IMIS | Flanders Marine Institute
 

Flanders Marine Institute

Platform for marine research

IMIS

Publications | Institutes | Persons | Datasets | Projects | Maps
[ report an error in this record ]basket (0): add | show Printer-friendly version

Effects of microalgae and food limitation on the recolonization of benthic macrofauna into in situ saltmarsh-pond mesocosms
Stocks, K.I.; Grassle, J.F. (2001). Effects of microalgae and food limitation on the recolonization of benthic macrofauna into in situ saltmarsh-pond mesocosms. Mar. Ecol. Prog. Ser. 221: 93-104
In: Marine Ecology Progress Series. Inter-Research: Oldendorf/Luhe. ISSN 0171-8630, more
Peer reviewed article  

Available in  Authors 

Keyword
    Marine

Authors  Top 
  • Stocks, K.I.
  • Grassle, J.F., more

Abstract
    This study examined the effects of food limitation, in the form of reduced microalgae, on the recolonization of benthic macrofauna into intertidal saltmarsh-pond mesocosms. Eight tanks (1.4 m diameter) were dug into the intertidal Spartina alterniflora zone of a New Jersey saltmarsh, filled with a layer of defaunated mud, and allowed to recolonize naturally. Shading over 4 of the ponds reduced the light reaching the pond bottoms by 92% and the standing stocks of benthic chlorophyll by 27%. Mean density of the total macrobenthic fauna was 62% lower in shaded ponds relative to controls. This condition persisted over the 2 mo study and showed little change in magnitude during the experiment, suggesting a lower ‘carrying capacity’ in the shaded habitat instead of a transient effect. Shading caused little change in community composition and had no effect on Shannon’s index of diversity. Of the 5 most abundant taxa, midge larvae (Chironomus sp.) and the polychaetes Laeonereis culveri and Hobsonia florida densities were significantly lower in shaded ponds. All 3 are known to feed on benthic microalgae. The other 2 dominants, hydrobiid snails and the oligochaete Paranais litoralis, were not significantly affected by shading. Because shading reduced dissolved oxygen levels as well as benthic microalgae, half-way through the experiment continuous aeration was started in 2 of the shaded and 2 of the unshaded ponds in order to maintain high oxygen levels. Oxygenation had no effect on total macrofaunal density, the density of any individual taxon, or species diversity. Results of this manipulative field experiment implicate microalgae as a limiting resource of this macrofaunal community.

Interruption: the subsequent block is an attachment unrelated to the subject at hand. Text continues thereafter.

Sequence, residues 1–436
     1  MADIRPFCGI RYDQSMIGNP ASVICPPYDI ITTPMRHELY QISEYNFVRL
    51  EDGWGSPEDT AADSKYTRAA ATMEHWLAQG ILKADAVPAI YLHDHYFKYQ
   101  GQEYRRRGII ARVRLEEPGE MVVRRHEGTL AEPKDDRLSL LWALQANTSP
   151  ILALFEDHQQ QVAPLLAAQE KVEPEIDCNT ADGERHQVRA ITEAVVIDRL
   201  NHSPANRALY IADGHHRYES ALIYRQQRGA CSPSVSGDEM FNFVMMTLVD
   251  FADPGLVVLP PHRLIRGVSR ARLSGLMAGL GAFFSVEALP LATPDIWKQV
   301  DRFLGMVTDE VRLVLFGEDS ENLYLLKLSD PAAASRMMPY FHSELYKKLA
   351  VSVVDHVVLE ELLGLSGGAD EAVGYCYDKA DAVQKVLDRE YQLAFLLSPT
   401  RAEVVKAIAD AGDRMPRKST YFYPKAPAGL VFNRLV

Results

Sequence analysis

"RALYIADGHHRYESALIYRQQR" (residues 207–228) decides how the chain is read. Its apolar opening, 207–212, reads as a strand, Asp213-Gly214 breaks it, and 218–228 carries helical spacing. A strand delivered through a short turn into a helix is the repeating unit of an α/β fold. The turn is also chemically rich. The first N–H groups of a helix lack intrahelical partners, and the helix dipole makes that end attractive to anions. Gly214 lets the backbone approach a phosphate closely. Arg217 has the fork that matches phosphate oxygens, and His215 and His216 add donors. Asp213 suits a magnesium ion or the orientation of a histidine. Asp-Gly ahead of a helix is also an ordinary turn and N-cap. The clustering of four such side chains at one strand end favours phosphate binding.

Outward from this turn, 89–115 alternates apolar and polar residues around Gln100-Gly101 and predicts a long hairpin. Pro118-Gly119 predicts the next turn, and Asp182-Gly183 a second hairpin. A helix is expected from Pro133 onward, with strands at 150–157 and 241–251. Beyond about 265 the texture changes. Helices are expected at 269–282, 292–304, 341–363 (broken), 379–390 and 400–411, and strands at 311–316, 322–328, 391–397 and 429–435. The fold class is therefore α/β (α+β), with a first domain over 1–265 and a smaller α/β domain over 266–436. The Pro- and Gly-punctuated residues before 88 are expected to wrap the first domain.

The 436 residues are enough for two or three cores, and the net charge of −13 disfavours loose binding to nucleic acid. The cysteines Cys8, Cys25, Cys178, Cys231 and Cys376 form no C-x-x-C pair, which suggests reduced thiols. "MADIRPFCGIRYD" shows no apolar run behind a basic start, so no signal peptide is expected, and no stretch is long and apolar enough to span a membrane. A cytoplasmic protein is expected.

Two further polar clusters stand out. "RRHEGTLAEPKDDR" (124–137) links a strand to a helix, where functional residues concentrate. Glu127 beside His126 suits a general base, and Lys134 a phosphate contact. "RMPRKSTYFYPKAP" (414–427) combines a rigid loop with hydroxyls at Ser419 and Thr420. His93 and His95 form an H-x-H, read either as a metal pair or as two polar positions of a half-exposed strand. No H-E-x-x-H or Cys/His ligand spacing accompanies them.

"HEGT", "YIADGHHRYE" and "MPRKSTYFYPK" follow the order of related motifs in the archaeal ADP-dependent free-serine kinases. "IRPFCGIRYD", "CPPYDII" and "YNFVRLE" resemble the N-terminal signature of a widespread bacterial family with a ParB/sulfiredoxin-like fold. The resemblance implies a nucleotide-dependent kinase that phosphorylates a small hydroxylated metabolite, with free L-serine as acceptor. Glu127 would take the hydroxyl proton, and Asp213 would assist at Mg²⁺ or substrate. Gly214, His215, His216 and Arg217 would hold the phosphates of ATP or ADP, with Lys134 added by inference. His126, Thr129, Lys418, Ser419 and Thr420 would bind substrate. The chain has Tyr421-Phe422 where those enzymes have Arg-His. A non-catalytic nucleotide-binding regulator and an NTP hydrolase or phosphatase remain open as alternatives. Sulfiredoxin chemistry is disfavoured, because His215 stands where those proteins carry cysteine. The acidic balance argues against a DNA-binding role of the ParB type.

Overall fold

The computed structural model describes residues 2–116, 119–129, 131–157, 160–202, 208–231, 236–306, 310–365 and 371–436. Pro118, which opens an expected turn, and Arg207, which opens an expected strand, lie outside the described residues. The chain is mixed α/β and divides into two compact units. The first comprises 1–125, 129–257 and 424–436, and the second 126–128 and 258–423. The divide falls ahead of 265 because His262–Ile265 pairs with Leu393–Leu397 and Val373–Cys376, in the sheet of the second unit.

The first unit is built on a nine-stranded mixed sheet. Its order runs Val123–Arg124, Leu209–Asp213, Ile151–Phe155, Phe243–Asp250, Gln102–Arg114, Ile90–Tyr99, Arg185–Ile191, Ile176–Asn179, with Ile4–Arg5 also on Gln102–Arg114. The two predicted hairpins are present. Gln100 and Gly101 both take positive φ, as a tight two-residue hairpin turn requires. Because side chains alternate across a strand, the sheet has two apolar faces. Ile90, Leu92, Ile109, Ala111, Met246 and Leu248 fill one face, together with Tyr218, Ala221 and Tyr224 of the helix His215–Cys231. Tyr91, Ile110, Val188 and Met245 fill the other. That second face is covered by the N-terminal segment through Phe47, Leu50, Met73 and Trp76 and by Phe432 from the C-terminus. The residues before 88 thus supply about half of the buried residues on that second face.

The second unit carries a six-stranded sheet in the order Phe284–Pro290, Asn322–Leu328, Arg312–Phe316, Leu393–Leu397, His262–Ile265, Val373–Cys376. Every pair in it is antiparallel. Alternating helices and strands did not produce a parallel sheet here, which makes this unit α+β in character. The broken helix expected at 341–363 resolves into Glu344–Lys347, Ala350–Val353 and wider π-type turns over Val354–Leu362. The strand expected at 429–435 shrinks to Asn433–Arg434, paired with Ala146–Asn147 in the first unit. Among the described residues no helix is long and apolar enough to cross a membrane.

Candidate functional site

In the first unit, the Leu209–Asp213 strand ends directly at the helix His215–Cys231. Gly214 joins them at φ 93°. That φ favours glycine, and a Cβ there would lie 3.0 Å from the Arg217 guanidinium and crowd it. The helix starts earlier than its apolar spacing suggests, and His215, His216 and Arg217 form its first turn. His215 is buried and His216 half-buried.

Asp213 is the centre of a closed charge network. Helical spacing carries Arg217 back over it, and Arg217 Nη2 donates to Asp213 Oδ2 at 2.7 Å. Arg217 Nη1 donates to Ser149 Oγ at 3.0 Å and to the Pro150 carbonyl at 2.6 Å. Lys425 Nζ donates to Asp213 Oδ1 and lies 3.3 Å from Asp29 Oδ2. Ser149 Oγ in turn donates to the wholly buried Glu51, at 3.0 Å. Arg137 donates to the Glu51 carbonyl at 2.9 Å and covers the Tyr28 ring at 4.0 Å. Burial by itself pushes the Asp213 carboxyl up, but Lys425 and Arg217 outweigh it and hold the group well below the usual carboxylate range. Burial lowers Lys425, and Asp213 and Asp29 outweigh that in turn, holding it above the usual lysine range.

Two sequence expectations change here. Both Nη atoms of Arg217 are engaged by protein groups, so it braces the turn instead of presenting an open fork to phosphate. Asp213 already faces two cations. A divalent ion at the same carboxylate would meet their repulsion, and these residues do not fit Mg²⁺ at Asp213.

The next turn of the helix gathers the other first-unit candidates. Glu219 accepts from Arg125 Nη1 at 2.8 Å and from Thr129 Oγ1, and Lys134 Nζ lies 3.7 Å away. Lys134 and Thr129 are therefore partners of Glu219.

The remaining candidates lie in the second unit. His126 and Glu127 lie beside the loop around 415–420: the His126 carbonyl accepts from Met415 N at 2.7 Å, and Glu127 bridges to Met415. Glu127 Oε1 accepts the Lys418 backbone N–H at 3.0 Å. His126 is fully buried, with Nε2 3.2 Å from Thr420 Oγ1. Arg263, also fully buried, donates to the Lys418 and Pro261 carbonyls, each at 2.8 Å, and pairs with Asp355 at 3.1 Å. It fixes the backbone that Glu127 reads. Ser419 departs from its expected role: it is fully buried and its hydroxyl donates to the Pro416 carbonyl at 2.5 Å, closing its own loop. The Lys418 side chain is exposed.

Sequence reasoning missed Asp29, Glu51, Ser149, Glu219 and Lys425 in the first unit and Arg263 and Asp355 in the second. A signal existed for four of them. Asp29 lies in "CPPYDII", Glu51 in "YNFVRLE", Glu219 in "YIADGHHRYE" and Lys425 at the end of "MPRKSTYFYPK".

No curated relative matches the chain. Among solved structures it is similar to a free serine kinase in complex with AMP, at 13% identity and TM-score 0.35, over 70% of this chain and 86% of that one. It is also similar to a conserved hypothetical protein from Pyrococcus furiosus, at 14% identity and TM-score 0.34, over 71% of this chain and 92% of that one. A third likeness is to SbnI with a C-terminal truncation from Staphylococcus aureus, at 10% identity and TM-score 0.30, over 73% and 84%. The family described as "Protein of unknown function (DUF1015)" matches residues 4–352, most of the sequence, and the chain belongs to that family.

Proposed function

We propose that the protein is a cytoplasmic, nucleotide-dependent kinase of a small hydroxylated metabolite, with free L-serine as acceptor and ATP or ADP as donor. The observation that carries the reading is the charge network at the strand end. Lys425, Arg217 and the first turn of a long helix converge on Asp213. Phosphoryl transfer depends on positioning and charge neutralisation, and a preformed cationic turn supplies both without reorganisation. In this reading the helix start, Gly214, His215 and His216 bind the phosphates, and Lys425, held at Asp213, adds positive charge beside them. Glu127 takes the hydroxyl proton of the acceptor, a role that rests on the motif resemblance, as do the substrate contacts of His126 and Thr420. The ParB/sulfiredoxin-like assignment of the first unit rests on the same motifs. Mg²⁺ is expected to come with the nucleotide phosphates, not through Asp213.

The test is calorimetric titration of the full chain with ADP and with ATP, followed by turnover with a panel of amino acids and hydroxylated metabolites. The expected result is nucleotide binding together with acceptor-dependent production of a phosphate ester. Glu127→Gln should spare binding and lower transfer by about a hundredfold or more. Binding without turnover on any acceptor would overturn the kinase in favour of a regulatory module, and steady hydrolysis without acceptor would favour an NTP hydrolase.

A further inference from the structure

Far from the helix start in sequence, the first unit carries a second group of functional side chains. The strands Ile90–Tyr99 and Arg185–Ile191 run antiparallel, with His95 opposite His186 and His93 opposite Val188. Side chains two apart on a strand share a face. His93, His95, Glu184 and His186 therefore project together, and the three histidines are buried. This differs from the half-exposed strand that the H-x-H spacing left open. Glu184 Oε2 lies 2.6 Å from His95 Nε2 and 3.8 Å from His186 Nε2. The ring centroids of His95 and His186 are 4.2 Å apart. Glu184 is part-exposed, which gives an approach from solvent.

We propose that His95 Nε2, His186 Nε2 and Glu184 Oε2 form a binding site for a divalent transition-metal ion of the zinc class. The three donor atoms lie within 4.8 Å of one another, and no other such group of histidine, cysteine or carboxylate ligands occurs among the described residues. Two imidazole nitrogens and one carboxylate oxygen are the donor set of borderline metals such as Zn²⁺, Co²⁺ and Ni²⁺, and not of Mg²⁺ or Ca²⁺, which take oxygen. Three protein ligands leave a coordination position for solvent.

All data in IMIS is subject to the VLIZ privacy policy Top | Authors